Tuesday, July 31, 2007

A tale of two futures

As the name implies, socialism is based on what is social. More particularly, it is based on democratic social interaction of people collectively creating the kind of world they envision. It is the antithesis of the anti-social economic system of capitalism based solely on the cold acquisition of profits. Social needs that are met under capitalism are either highly profitable or incidental by-products. Unfortunately, the quest for the almighty dollar knows no bounds and is seriously taxing our ecological systems. Capitalism puts the cart before the horse, making everything subservient to profit acquisition. With respect to our community green-space, from an aesthetic as well as a biological perspective, this has taken on absurdly rapacious proportions.

Silt, Spaniards & Mosquitoes

The Texas Gulf Coast, where I grew up, does not rest on the continental shelf along with about half of the state itself. Rather, the land mass is the result of billions of years of oceanic inundations of silt. When the Spaniards first explored the Texas Gulf Coast, it was inhabited by the Karankawa Indians, who were known to be semi-cannibalistic and to smear their bodies down with alligator brains as a method of mosquito repellant. Anyone who has ever spent the night in Galveston during one of those rare times when there was no wind would wholly understand the Karankawa's resort to such drastic mosquito repellants.

I grew up in Houston, but spent a considerable part of my youth as a beach bum in Galveston, Freeport, and Matagorda. Texas beaches have always held a special charm for this writer. They have a special uniqueness in comparison to other beaches I've visited. As a hippie youth in the 70's, a group of us would frequently camp out all night on the coast, build bonfires at night and enjoy the wind, sun, and warm surf during the day. The few trinket shops, stores, and eating establishments were ancient Mom 'n Pop businesses or seafood restaurants with historical associations. The beaches remained fairly free of commercialization. As well, the drive between Houston and Galveston's beautiful skyline was once a trek fairly bereft of commercial clutter or palpable habitation of any sort, save the wildlife in the region.

Texas Chain Store Massacre

Sadly, this is no longer so. Most of the once pristine and free beaches are now filled with chain stores and commercial establishments, beaches that require payment for use, and the ever-present police. In short, the beaches have become commodified and regulated, no longer the free-access areas they once were. If driving between Houston and Galveston was once a trip through the country, it is now barely discernible where Houston ends and Galveston begins. Endless miles of asphalt, strip-malls, service stations and Wal-Marts make for monotonous eye-space. In other parts of Texas, capitalist developers have ruined age-old parks and community spaces, including many of the wooded areas near Austin. Expensive condos and housing subdivisions are now commonplace. Even within cities such as Houston where old neighborhoods once had beautiful old houses at modest rent rates, and huge oak trees canopied the streets, now stand only monstrous condominiums. Obliterated are the unique old homes, the ancient live oaks and the tangible charm of the neighborhood: all sacrificed to the profit initiative.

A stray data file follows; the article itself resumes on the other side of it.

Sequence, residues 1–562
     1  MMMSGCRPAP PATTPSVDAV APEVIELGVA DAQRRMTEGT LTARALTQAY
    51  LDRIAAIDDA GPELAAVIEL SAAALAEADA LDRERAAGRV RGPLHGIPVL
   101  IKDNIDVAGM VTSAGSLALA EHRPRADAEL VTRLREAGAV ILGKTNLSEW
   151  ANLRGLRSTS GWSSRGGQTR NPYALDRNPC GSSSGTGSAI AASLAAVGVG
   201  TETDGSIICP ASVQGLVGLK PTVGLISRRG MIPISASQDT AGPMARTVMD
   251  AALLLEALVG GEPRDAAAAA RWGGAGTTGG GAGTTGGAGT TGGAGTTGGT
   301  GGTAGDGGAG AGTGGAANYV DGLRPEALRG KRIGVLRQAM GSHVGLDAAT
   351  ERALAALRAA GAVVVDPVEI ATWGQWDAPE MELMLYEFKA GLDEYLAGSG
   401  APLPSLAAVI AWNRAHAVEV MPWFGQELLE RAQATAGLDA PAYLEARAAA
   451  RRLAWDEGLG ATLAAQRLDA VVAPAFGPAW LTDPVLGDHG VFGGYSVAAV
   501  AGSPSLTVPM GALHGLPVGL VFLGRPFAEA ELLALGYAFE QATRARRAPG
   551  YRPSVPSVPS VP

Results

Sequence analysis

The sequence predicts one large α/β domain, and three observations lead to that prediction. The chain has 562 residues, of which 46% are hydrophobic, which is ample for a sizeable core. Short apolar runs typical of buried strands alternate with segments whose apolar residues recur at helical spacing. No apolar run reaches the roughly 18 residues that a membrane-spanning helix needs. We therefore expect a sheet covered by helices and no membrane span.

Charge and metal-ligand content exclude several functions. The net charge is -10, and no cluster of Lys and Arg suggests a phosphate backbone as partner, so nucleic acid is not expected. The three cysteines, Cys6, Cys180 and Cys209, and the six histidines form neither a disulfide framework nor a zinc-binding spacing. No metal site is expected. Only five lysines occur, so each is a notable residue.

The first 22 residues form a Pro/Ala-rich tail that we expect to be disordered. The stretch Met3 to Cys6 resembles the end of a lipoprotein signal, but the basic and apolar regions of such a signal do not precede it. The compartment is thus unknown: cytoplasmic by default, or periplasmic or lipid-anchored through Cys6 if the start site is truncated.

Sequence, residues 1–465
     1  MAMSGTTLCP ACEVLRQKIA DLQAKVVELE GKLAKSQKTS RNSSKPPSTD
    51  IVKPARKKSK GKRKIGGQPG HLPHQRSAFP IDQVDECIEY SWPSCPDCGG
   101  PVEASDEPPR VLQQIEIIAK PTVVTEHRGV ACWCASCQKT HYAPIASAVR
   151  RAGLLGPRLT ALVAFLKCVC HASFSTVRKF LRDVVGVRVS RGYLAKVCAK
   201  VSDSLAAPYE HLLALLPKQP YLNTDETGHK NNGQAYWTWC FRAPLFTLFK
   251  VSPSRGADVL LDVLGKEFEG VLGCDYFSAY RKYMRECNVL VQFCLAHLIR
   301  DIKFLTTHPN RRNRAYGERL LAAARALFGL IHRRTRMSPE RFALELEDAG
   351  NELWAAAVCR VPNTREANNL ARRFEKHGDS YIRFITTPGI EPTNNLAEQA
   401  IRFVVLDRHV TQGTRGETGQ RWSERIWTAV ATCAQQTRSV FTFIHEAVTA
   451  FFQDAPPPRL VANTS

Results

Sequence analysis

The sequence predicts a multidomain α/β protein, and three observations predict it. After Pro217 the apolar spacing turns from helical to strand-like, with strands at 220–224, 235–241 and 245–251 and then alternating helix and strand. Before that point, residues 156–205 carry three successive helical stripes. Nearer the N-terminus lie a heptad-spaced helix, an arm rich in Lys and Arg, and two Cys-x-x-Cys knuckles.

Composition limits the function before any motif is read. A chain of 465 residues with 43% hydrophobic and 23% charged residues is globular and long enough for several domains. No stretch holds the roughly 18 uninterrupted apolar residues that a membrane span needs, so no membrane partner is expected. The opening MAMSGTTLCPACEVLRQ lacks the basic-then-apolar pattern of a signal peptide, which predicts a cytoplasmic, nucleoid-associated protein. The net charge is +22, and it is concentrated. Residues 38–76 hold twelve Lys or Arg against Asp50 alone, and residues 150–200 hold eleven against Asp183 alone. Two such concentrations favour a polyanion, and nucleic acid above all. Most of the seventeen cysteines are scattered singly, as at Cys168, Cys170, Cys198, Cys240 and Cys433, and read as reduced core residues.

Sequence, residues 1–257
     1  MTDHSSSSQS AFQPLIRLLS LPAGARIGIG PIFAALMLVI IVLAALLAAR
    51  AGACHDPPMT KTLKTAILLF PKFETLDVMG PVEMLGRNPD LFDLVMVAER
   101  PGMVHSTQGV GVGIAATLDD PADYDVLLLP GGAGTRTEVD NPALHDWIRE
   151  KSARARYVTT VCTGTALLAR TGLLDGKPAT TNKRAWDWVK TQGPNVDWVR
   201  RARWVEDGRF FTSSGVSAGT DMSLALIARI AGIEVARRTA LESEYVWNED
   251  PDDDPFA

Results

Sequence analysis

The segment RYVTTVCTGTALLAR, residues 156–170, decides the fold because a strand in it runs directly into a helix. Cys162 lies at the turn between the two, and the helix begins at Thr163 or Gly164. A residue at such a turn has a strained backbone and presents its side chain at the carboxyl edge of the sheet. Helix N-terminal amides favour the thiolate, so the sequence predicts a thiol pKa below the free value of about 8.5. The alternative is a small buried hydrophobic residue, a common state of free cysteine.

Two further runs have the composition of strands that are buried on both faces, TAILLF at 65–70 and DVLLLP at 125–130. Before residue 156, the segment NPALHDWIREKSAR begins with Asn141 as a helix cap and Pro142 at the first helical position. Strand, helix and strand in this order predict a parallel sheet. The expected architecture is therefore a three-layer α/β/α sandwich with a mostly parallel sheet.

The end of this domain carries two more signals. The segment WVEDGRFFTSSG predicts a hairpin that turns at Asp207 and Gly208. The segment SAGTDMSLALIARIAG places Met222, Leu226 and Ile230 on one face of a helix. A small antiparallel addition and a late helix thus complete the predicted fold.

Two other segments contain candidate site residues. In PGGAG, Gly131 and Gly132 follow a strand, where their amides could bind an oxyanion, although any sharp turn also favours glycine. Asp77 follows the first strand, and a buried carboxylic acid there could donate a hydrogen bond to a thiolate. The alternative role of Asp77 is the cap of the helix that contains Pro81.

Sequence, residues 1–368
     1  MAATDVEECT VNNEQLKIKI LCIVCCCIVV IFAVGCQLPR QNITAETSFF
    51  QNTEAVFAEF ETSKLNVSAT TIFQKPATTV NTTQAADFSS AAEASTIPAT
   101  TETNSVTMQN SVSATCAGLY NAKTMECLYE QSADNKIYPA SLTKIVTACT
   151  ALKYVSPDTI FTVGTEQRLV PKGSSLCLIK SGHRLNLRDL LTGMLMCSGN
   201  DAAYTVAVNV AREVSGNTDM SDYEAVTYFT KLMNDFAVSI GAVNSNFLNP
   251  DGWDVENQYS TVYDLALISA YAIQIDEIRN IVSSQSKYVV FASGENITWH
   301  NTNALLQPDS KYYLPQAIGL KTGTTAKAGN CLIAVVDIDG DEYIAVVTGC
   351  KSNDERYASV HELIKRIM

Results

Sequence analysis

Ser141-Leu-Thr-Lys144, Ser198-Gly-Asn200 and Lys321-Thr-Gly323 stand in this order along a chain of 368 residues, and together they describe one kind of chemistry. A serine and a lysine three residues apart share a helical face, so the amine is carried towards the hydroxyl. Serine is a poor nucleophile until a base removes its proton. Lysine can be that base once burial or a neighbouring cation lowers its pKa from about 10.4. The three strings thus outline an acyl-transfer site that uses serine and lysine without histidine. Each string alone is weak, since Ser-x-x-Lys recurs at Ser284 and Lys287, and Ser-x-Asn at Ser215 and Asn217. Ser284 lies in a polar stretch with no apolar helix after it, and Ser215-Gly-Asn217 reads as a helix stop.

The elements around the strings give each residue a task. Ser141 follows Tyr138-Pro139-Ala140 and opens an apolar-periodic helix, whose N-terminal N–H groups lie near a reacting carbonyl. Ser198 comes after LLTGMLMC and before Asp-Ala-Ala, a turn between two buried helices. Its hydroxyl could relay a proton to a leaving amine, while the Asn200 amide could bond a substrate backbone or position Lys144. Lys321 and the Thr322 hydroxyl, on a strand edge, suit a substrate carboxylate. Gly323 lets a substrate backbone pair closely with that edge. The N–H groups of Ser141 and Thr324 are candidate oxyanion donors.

From an aesthetic standpoint, this trend sucks blatantly. Add to this the impact on biological species other than our own. Growing up on the outskirts of Houston, there were still cow pastures, huge open fields in which we flew kites and played ball. There was a ubiquitous species of frog that was found nowhere in the world except that part of Texas. Now, due to mindless capitalist expansion, few open fields or cow-pastures exist. Even sadder, the species of frog indigenous to that region is almost extinct. I recall seeing hundreds of them hopping around after a fresh rain.

It saddens this writer to know such wonders are falling to the unfeeling blade of profiteering. To ruin a beautiful patch of land, that took billions of years of oceanic inundations to create, with the construction of a Wal-Mart or a McDonald's is symptomatic of Capitalist values. No reverence is paid to nature's wonders: the magic of a sunrise on the beach, the sound of the wind and the waves, nor the discovery of sand dollars and starfish strewn along the shores. Its vision is limited to the quest for profit.

Only the social organization of the world based on true human values can protect and preserve these ecological treasures. Capitalism can never preserve the natural state of the earth when doing so would stand in the way of profit. We must create a social system that will stem the capitalist trajectory toward ecocide. The establishment of socialism is the only solution to this critical problem.

— KG

No comments: